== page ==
Do you want to stick to Interstates the whole way? Once you get west of I35 in Texas, there are many fairly lightly traveled quality US and even state highways.
Houston is pretty nasty, yes. You could take I49 to Shreveport, then go through Dallas and Ft. Worth on I20. I20 runs along the southern edge and so avoids most of the DFW metroplex traffic. After Ft. Worth, you could stay on I20 and meet back up with I10, or you could take US 84 through Lubbock and up to I40. Clovis NM is the slowest spot on US 84. US 287 from Ft. Worth to Amarillo is also a good route.
If you want to avoid all the big cities, take US 84 to US 380 (before Lubbock) and take that to I25 in NM, then jog north on I25 to US 60, taking that into AZ. Once in AZ, take US 180 and hook up with I40. Slowest spot on that route is Roswell NM, but Roswell isn't that big and won't delay you much. I've been that way several times, and it's a good route.
Another fun road I've taken a few times is NM state highway 9 right up against the Mexican border. They finally improved the signage somewhat. Used to be very difficult to find the El Paso end of that road. Now it's only a little obscure instead of being nearly impossible. There is just about _no_ one on that road. And it's pretty good as far as being straight (the worst spot has a few 50 mph curves) and level. It follows an abandoned railroad line. At the western end, take state highway 80 (formerly US 80) west through Douglas, AZ and on until it rejoins I10. I've also tried I8, to AZ 85, to avoid Phoenix. Or stay on I8 into CA and take CA 79 to I15-- seemed about the least painful way to slip into the LA area. I've tried CA 62 north of I10 too, and it's fine until you get within 20 miles of I10, then it's terrible. CA 18 and CA 138 over to CA 14 are crummy too-- too close to LA to escape the traffic.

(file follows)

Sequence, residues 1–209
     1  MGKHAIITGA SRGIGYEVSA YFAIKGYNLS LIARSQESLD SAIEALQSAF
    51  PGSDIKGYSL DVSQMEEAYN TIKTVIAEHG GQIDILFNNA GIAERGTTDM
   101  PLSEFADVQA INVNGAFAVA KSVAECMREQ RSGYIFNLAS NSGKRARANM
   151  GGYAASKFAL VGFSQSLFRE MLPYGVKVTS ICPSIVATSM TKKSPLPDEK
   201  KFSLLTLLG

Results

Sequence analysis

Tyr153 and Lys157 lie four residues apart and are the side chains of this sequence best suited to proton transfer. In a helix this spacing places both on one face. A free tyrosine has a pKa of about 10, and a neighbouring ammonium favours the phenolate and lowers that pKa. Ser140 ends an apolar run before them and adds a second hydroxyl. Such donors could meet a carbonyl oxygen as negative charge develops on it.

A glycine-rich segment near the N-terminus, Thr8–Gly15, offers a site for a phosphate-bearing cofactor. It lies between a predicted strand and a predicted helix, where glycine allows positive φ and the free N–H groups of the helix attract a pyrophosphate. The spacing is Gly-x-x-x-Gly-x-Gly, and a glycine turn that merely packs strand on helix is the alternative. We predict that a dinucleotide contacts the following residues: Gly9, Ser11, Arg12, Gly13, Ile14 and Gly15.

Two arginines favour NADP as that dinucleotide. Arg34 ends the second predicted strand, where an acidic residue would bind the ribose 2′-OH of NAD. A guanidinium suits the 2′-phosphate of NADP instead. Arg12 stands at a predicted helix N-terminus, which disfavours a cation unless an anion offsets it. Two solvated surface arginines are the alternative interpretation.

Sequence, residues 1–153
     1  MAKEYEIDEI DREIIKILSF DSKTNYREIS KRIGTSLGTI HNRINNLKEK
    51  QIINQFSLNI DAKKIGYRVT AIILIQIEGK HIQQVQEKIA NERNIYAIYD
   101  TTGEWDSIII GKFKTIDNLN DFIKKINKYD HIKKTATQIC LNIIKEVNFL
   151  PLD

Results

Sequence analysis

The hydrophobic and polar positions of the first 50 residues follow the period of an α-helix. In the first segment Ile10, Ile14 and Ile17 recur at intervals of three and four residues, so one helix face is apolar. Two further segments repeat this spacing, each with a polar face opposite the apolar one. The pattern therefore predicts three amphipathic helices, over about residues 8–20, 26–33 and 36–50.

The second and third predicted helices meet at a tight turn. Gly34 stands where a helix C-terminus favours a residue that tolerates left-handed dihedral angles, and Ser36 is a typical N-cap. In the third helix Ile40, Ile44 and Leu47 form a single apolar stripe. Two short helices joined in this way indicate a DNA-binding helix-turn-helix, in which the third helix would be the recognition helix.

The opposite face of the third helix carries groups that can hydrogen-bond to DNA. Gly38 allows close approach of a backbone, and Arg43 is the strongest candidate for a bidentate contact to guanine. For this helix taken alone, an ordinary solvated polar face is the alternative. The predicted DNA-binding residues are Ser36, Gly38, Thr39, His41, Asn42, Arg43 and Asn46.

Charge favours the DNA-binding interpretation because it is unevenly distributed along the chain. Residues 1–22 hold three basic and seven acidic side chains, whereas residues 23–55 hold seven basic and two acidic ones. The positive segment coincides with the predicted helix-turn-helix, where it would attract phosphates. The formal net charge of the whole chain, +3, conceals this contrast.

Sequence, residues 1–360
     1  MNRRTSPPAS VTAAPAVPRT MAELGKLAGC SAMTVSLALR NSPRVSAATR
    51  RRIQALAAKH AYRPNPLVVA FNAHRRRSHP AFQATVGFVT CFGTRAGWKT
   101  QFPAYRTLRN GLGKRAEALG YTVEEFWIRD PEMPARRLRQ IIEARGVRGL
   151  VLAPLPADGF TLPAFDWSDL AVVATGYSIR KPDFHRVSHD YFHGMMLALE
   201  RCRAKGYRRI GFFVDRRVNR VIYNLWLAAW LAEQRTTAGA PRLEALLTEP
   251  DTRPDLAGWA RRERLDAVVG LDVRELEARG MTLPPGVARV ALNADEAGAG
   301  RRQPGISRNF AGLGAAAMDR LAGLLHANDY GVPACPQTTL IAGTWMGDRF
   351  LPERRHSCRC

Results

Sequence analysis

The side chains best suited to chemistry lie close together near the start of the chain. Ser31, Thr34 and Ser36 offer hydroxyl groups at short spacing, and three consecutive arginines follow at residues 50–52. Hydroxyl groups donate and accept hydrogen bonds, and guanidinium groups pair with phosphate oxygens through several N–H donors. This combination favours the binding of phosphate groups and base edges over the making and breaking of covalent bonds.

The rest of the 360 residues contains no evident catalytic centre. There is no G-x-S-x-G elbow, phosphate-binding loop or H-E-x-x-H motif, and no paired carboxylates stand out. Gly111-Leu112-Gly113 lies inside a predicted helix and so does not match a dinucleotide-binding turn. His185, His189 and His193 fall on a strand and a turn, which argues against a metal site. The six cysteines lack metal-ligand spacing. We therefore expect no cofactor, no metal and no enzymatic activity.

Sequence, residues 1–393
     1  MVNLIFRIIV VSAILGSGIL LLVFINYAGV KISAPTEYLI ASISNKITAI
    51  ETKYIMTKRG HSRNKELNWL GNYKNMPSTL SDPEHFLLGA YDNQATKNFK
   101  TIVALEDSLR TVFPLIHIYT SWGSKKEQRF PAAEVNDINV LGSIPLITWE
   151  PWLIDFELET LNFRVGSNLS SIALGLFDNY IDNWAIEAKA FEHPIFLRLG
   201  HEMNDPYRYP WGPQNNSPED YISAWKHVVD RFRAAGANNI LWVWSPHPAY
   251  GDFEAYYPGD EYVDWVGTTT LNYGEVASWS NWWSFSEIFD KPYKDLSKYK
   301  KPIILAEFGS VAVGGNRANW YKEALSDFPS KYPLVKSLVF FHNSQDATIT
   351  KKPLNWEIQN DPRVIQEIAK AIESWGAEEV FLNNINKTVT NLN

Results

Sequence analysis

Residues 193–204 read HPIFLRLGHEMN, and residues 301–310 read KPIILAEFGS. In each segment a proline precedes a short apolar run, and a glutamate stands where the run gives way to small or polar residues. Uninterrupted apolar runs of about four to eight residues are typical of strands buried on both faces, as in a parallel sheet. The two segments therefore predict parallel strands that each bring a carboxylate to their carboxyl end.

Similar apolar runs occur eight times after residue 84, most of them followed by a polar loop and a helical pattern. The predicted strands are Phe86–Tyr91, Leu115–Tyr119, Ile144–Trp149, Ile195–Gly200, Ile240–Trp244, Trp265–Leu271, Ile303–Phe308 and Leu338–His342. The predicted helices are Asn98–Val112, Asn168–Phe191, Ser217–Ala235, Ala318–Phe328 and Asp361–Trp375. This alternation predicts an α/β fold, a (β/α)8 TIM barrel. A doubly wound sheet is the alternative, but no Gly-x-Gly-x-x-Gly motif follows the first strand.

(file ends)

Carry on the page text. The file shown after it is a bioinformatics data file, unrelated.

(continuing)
I recommend against US 82 in NM. The western end of that road is not the best quality, being narrow, twisty, steep, and bumpy.
I also prefer I40 to I10. On rare occasions, the border patrol will stop I10 to check for illegals. Finally, California seems to think it's a sovereign nation and at the border will want to hassle you over taking any agricultural products, plants, or animals into the state.
If you go up I-49, make sure to stop in Natchitoches at Lazyone's for meat pies. Ooo, mamma. By the way, being in Louisiana, Natchitoches is pronounced Nack-uh-dish, and Lazyone's rhymes with Jazzy bones.